Is the following sentence correct?

I myself, am interested (in something/to know/hear/learn etc. (that)).


I am interested (in something/to know/hear/learn etc. (that)) myself.

  • 2
    "am interested", not "am interest" Apr 15, 2015 at 9:12
  • No, i just meant both of them need to say "interested". I did not say whether either one would be correct after you fix "interest". Also I don't know what you mean by "true". Apr 15, 2015 at 9:21
  • 1
    I, myself, am interested in helping you. But "helping you" is not a sentence. I am also interested to know which example you think is correct, and why. Apr 15, 2015 at 9:26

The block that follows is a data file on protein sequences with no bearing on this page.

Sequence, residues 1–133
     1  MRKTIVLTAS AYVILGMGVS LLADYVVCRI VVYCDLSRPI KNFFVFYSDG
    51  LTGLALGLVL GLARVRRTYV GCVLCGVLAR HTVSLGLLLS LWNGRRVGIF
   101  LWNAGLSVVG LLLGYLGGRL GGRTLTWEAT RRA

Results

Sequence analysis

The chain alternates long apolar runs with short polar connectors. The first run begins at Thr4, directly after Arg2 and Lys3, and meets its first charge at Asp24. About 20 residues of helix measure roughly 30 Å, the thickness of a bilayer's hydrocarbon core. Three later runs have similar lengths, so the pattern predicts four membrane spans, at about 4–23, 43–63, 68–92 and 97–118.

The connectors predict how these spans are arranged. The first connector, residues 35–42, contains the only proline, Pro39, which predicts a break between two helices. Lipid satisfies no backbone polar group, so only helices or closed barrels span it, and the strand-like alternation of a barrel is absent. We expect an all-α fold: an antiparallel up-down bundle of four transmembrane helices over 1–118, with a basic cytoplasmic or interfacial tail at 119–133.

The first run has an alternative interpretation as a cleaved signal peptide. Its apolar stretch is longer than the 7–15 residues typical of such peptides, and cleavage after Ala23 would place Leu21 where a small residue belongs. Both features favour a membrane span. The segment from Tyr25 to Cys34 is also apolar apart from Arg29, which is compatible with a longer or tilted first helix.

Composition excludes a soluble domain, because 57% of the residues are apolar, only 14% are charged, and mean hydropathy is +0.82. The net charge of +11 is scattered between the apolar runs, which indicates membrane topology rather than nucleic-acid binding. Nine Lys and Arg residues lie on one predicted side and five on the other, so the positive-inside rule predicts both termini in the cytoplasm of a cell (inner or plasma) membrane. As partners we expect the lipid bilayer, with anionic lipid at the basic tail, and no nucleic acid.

• @BrianHitchcock i think the first example is true! because myself must came after the pronoun if it should be an emphasis pronoun!
    – Mazdak
    Apr 15, 2015 at 9:34
  • @BrianHitchcock Also i think interested in is correct! thanks!
    – Mazdak
    Apr 15, 2015 at 9:35

1 Answer 1


Both the sentences are not only grammatically incorrect but also don't make much sense.

First, you cannot say "I am not interest". You should use here the adjective "interested". You can use this adjective in the following patterns:

  1. Adj + in + somebody/something such as I am interested in her/this job.

  2. Adj + to infinitive + somebody/something such I am interested to help him/to do this job.

  3. Adj + in + -ing form + somebody/something such as I am interested in helping him/in doing this job.

As for the emphatic pronouns you can use it as follows:

I myself am interested in this job, or doing this job, or to do this job.

I am interested in this job myself, or in doing this job myself, or to do this job myself.

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